Bank of Ireland is now liable for the disputed £30m and may have to pay interest on the amount owing from the date when the offence occurred, in 2003.
Bristol and West had created a dummy transaction in an attempt to exploit a weakness in tax law governing financial swaps that the bank hoped to use to lessen its corporate tax bill.
The UK tax authorities, HMRC, said Bristol and West had failed to exploit a loophole which did not exist. “Bristol and West, owned by the Bank of Ireland, has lost an attempt at tax tribunal to avoid paying around £30m tax on a £91m gain. The company transferred a swap contract to another Bank of Ireland subsidiary in a flawed attempt to exploit what it thought was a loophole in the tax rules,” the HMRC said in a statement.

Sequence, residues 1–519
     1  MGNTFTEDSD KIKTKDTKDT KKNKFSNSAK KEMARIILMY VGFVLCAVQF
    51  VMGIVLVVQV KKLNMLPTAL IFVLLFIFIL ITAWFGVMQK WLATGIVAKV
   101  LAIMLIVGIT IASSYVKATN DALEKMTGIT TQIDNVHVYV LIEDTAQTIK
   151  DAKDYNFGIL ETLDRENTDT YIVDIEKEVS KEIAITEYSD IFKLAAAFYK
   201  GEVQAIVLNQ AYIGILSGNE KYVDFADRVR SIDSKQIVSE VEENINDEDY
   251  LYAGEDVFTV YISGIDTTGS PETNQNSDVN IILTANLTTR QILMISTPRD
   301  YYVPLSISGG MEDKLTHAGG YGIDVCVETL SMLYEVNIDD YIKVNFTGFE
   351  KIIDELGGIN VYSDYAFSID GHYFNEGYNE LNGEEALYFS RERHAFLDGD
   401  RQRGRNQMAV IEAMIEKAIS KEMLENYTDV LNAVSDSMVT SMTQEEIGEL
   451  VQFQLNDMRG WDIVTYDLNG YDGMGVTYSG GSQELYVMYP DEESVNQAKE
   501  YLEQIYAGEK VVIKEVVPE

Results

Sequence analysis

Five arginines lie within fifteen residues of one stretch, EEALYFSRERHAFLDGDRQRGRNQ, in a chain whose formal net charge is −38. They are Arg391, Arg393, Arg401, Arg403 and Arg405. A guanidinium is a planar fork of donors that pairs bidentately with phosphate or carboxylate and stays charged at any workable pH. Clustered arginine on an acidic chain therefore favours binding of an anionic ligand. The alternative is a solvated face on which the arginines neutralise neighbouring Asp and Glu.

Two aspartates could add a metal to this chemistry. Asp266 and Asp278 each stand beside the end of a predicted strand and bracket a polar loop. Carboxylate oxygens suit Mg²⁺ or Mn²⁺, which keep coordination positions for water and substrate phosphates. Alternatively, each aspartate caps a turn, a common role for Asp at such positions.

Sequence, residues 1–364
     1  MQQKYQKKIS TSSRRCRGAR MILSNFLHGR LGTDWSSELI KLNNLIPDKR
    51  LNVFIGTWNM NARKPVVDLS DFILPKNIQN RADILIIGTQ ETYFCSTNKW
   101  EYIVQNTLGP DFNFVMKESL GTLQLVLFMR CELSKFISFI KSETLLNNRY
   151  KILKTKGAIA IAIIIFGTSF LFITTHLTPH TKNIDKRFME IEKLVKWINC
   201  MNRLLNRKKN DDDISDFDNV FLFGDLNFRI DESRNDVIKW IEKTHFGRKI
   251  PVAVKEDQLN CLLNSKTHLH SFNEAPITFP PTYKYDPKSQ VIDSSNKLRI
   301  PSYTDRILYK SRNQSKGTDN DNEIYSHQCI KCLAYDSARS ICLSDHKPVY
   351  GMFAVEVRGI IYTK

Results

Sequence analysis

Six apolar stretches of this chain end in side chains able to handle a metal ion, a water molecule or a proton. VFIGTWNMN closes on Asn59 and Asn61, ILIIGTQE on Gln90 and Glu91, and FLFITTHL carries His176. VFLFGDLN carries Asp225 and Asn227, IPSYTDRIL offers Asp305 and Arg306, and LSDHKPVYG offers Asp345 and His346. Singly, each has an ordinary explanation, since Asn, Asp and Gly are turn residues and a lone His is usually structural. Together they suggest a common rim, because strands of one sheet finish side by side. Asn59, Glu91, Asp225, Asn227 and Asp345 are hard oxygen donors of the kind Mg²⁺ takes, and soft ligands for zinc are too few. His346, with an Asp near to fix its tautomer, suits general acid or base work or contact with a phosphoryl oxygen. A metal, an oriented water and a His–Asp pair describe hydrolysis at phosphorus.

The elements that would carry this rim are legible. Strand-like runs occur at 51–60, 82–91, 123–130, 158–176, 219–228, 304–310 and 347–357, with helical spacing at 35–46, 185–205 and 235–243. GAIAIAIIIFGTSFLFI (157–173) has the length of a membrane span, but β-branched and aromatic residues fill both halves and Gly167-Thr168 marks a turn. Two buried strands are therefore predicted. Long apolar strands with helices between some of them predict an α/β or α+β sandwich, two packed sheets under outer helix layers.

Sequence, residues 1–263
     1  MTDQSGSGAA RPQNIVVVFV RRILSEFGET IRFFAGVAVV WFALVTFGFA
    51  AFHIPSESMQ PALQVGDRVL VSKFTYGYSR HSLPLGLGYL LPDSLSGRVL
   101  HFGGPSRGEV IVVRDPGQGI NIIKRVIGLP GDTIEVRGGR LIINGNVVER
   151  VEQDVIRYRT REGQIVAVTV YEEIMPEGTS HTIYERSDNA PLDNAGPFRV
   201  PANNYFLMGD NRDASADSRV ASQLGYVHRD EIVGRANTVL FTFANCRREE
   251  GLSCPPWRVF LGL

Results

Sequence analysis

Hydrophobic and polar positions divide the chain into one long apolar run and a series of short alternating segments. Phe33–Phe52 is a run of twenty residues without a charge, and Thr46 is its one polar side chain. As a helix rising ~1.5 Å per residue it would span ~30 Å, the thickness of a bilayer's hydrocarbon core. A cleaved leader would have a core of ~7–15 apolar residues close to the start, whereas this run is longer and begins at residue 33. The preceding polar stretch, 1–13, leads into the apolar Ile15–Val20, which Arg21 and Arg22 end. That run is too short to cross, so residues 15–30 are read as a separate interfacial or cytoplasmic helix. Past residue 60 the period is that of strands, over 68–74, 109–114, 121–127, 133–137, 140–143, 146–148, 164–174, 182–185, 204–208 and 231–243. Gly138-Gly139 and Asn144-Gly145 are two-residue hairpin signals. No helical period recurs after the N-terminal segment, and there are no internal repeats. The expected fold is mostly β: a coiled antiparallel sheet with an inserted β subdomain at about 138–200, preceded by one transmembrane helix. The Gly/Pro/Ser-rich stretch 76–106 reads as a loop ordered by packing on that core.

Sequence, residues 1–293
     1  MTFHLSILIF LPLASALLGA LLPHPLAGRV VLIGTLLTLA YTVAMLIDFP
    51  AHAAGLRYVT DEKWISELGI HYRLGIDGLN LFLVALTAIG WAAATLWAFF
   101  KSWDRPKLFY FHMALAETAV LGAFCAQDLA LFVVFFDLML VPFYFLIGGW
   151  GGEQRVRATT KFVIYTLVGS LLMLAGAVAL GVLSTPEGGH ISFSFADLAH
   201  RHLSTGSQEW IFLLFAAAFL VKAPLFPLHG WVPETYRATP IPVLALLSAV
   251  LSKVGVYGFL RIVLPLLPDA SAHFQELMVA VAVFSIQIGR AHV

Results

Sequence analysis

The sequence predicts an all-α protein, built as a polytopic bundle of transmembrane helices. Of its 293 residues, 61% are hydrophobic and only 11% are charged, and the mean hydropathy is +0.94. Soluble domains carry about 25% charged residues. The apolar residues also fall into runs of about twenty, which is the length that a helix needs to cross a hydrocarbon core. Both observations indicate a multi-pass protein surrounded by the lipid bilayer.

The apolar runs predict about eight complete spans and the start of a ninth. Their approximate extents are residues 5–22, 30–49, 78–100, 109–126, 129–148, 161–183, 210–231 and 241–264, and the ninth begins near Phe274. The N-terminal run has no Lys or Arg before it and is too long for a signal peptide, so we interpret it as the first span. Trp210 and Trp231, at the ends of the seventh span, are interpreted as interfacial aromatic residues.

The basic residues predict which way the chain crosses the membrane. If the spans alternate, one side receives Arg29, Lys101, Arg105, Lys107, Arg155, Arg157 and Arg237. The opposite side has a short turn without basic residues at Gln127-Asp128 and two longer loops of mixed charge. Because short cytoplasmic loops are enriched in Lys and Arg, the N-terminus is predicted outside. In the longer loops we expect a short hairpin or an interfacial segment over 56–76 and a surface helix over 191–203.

Bristol and West had attempted to cancel out the £30m corporate tax bill that it owed by arranging to transfer a swap contract worth £91m to another Bank of Ireland subsidiary to avoid the tax.
Despite the convoluted attempts by the bank to move the swap around, the tax tribunal ruled that the weakness in rules on the taxation of swaps in Finance Act 2002, that the bank was attempting to exploit, simply did not exist. There is no element of fraud in what the Bristol and West have done, however, while the bank operated within the letter of the law they failed to abide by the spirit of the law, a spokesperson for the HMRC said.
The UK exchequer secretary David Gauke said: “The vast majority of businesses and individuals pay the tax they owe. The additional resources that we have made available to HMRC are helping to ensure the minority cannot avoid their responsibilities.
“HMRC will challenge avoidance schemes that risk denying the Exchequer vital tax revenues and will pursue to litigation when necessary.”
Bank of Ireland declined to comment.